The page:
Jan. 20, 2006. 01:00 AM


A popular theory that has emerged during this election campaign is that Stephen Harper has moderated and that the former head of the National Citizens Coalition is no longer the hard-line conservative he once was.

Some analysts have speculated that he could even end up like former Ontario Premier Bill Davis in office, a mellow, centrist who would not rock the Canadian boat.

People who make such comments are whistling past the graveyard. In recent decades, both in Canada and abroad, neo-conservatives have not moderated when they have taken office. If anything, they have become more hard-line.

The records of a quartet of conservatives eloquently illustrate the point:

In 1979, Margaret Thatcher was the first of the major neo-conservatives to come to power in a British election that opened the door to what came to be called the Thatcher Revolution.

Within a year of her victory, her harsh monetary policies plunged Britain into a severe recession. Many industrial jobs lost during the Thatcher years were never regained. The Thatcher government privatized telephone and electric power utilities and water distribution companies at low prices that were so advantageous to investors that former Conservative prime minister Harold Macmillan accused her of "selling the family silver."

During her decade in office, as under the other neo-conservative regimes of the quartet, the income gap between the affluent and the rest of the population widened appreciably. "The lady's not for turning," it was said of the Thatcher who became known as the Iron Lady, a tribute to her refusal to compromise.

The year after Thatcher's victory in Britain, Ronald Reagan was elected to the White House, with a pledge that he would restore America to its former glory.

The key elements of his program were tax cuts and a steep increase in military spending. Reagan's policies drove the U.S. government to massive high deficits. By the time he had been president for five years, the United States had become a net debtor nation America owed more to foreigners than foreigners owed to Americans, for the first time since 1919.

Reagan's legacy, like Thatcher's, was the loss of millions of jobs in the industrial heartland of the United States, jobs that were later replaced by what were nicknamed "McJobs," low-paying positions in the service sector of the economy. Genial though the Gipper was, he also believed in staying the course.

Mike Harris rode the Common Sense Revolution to power in Ontario in 1995.

During the election campaign that year, Harris pledged deep tax cuts, and promised to pay for them through steep reductions in all government programs, except for those in the areas of health care, classroom education and law enforcement.

Upon assuming office, he cut the payments to those on welfare the poorest people in the province.

He delivered on his income tax cuts, handsomely rewarding the highest-income earners with savings of thousands of dollars a year.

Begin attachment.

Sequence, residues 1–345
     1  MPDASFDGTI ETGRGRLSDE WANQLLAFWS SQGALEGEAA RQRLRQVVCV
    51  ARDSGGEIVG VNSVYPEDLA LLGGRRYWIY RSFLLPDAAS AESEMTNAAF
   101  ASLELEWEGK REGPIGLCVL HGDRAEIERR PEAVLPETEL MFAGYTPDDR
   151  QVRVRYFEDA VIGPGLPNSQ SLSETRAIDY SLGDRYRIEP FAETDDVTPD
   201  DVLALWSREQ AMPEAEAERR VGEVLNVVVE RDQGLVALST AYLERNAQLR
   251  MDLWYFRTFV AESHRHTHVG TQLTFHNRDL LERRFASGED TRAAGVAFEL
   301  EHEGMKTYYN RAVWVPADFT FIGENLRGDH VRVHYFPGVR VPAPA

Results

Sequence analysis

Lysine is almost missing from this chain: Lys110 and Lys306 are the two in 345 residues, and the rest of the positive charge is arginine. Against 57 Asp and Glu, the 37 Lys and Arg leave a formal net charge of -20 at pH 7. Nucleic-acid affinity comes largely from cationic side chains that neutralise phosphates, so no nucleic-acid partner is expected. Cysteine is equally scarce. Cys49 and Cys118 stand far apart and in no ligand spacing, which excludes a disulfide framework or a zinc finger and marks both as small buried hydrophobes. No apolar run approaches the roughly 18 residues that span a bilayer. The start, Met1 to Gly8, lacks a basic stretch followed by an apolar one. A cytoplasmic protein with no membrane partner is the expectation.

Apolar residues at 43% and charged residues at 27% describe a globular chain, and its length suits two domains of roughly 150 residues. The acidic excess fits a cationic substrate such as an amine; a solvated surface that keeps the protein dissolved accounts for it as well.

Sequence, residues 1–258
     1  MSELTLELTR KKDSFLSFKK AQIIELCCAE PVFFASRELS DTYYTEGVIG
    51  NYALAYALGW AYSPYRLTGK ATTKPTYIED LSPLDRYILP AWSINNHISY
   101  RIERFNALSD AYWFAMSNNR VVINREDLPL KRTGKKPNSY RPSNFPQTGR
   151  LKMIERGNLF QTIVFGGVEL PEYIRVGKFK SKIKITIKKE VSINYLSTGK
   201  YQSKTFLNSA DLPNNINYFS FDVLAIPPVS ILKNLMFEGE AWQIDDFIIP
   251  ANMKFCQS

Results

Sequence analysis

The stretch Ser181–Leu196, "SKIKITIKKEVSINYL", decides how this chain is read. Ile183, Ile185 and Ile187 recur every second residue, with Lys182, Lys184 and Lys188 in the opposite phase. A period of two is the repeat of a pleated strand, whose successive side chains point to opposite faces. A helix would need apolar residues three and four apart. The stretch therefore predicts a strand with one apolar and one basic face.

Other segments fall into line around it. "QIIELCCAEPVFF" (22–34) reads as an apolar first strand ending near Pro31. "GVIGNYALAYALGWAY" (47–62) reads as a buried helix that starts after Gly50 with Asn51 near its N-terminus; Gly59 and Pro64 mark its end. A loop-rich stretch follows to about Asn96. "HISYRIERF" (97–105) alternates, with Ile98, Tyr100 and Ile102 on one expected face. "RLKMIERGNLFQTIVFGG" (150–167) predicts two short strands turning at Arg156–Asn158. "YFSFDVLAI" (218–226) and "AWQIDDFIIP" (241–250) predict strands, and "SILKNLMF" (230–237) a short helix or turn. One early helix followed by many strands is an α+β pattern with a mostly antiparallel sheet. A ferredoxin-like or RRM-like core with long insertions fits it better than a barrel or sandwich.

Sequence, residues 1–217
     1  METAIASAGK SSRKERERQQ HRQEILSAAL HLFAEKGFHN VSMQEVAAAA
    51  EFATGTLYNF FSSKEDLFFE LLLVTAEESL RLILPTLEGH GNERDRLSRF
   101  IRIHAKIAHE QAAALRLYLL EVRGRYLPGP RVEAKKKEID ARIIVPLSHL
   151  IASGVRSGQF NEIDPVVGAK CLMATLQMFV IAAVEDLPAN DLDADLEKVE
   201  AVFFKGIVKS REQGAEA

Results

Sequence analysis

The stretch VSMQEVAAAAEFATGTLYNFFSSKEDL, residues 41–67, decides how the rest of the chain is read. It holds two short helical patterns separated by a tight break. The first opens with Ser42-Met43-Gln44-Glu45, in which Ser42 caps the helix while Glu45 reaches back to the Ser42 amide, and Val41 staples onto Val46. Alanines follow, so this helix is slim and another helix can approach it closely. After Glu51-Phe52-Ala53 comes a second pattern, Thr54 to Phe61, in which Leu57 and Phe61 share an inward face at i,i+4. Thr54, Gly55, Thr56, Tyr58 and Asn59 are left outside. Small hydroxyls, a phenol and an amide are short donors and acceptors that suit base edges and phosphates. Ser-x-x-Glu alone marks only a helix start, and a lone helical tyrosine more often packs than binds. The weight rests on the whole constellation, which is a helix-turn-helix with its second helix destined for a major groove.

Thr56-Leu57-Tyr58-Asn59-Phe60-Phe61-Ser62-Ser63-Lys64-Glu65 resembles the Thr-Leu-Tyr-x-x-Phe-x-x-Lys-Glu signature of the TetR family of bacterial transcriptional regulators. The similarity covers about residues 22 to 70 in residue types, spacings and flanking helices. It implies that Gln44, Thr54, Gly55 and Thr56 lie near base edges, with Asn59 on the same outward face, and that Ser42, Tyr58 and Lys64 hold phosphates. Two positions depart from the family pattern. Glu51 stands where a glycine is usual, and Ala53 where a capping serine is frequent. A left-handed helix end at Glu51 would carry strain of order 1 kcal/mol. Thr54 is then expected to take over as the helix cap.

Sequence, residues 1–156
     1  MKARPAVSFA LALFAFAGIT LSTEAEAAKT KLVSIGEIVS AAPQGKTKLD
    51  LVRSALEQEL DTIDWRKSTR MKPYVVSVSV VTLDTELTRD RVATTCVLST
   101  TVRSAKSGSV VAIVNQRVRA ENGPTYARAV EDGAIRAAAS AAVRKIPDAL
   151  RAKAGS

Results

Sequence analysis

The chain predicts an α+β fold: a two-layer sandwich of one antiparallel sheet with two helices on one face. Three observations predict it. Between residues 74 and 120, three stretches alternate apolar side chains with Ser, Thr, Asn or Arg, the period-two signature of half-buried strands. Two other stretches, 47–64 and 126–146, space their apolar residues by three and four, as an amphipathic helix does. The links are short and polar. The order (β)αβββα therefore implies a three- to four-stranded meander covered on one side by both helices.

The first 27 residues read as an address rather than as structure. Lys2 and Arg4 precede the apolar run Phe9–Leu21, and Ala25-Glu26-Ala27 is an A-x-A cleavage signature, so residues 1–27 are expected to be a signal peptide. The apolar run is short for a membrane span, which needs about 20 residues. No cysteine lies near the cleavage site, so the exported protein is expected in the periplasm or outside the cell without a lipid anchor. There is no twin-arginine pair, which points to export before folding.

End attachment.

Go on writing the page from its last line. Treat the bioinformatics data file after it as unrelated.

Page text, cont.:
By the time his successor Ernie Eves was defeated in the election of 2003, the Conservatives had downloaded responsibilities to municipalities that couldn't afford them and had left the educational system in a shambles. Whenever he was asked if he would moderate his programs, Mike Harris always answered that Ontarians got what they voted for.

In his youth, the playboy son of a well-positioned father, George W. Bush seemed to have little on his mind when he ran for president in 2000. He promised lower taxes and won applause at rallies when he talked of restoring the military greatness of America.

The terror attacks of Sept. 11, 2001 gave Bush a mission and brought out the latent ideologue in him.

Since that date, America has invaded Afghanistan and Iraq, and in his second inaugural address last January, Bush made this bombastic pledge: "America, in this young century, proclaims liberty throughout all the world, and to all the inhabitants thereof."

Under Bush, America's military is mired in a war it seems unable to win, and the United States is plunging ever more into debt to the rest of the world.

At home, Bush has created a surveillance state in which the government spies on the people, and has made court appointments that could imperil the right of women to abortions.

Is it fair to anticipate that Stephen Harper is cut from the same cloth as the members of the quartet and that he has not moderated or "evolved" to use his own word?

The signs that the Conservative leader is an ideologue with a strongly right-wing agenda are readily at hand, his recent outburst about the courts and the civil service being only the latest example.

In power, Harper will reopen the debate about Canada signing on to U.S. missile defence and is likely to cancel Canada's commitment to the Kyoto environmental accord.

He refuses to commit himself to honouring the far-reaching aboriginal development program agreed to by first ministers last autumn. He will not throw Ottawa's weight behind the establishment of publicly funded, not for profit, child care across the country.

And, as he said on day one of the election campaign, he plans to reopen the issue of same-sex marriage.

Perhaps the best clue that Harper has not moderated comes from his commitment to resolve the so-called fiscal imbalance in Canada.

In plain English that means that a Harper government would sharply reduce Ottawa's role in setting the nation's socio-economic agenda. That pledge, one of Harper's top five priorities, could well become his mantra as he slashes government programs in the days to come.